The interview – during which Trump also implied Barack Obama helped Strzok rig the Russia investigation – contained no real revelations, only serving to affirm the president’s total, absolute trust in the word of Vladimir Putin, a notoriously manipulative authoritarian whose express purpose is to break up the alliance of Western nations. As he did during the press conference, Trump explained to Hannity why it is such a good idea to allow Russia to help investigate Russian interference, a concept as ludicrous as forming a joint cyber security task force with the nation who hacked the 2016 election. “I was fascinated by it,” Trump said of letting Russian intelligence investigate itself on behalf of America. “Robert Mueller’s people could go with them, but they probably won’t.”

Hannity’s slobbering was an anomaly of Fox News’ coverage of the press conference, which was for the most part critical. As mentioned, Cavuto came in hot shortly after the press conference wrapped up.

Maria Bartiromo, who two weeks ago gave Trump one of the softest interviews of his presidency, said the presser was “probably the low point” of his time in office. Conservative General Jack Keane went on the network to say Trump’s performance “shocked” him. FoxNews.com ran an opinion piece about how Putin “ate Trump’s lunch.” On Tuesday morning, the entire panel of Fox & Friends, maybe the most reliable cabal of Trump sycophants in the media, expressed their disappointment.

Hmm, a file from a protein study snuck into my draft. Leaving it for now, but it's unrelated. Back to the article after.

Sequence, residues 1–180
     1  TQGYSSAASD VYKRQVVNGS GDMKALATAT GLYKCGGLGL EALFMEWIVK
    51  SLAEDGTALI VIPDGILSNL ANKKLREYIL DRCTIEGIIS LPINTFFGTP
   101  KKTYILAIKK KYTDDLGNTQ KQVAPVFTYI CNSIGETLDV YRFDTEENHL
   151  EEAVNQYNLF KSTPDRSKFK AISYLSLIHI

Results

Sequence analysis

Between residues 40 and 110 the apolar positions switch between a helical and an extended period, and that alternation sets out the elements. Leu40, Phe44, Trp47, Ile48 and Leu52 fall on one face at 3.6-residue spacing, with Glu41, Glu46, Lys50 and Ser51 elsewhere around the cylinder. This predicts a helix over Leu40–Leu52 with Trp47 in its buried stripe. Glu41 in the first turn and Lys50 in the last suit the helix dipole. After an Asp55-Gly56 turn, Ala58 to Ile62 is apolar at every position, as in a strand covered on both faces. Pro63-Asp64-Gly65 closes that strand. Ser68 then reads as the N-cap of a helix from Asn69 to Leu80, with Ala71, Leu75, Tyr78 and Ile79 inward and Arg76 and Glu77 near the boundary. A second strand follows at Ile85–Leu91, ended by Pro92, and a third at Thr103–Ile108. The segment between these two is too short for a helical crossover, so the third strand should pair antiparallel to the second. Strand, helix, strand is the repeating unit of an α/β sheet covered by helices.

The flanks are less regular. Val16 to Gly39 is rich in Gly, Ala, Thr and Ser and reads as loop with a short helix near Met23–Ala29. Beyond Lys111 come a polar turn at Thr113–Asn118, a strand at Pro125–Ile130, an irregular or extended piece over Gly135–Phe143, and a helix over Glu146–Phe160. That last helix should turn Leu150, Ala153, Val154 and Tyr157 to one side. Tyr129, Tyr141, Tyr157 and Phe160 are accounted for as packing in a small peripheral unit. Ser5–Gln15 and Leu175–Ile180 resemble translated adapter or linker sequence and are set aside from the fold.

Though many on the right were shocked at how Trump handled himself during the press conference, it’s unclear what they expected. The president has done nothing but praise Putin since taking office, and has repeatedly suggested he believes the Russian president over the U.S. intelligence community regarding election interference. None of what Trump said in Helsinki was new. It would have been more surprising if Trump actually confronted Putin, who did not formally deny that he possessed compromising information on the president.

The criticism from Fox News will likely be short-lived, as the network is sure to rally around pro-Trump talking points. As he questioned the president’s performance Tuesday morning, Brian Kilmeade of Fox & Friends made sure to note that it is “easily correctable.” As long as Trump doesn’t renounce his American citizenship in the next 48 hours, the network will spin whatever he tweets or says into some sort of justification for the treasonous debacle Monday morning. Even as many on the network criticized the president Monday afternoon and Tuesday morning, standbys like Lou Dobbs and Jeanine Pirro made sure to defend him. “What was he supposed to do, take a gun out and shoot Putin?” Pirro asked.

And then there was Tucker Carlson, perhaps the network’s second biggest name after Hannity. While the latter might be as thick-skulled as Trump, Carlson, who many moons ago was able to pass as a respectable journalist, should know better. On Monday afternoon, he tried to downplay Russian meddling by claiming that Mexico interferes in America’s elections more by “packing our electorate.” Latent white nationalism has been a growing theme of Carlson’s show, and it should return again Tuesday night. His main guest? President Trump.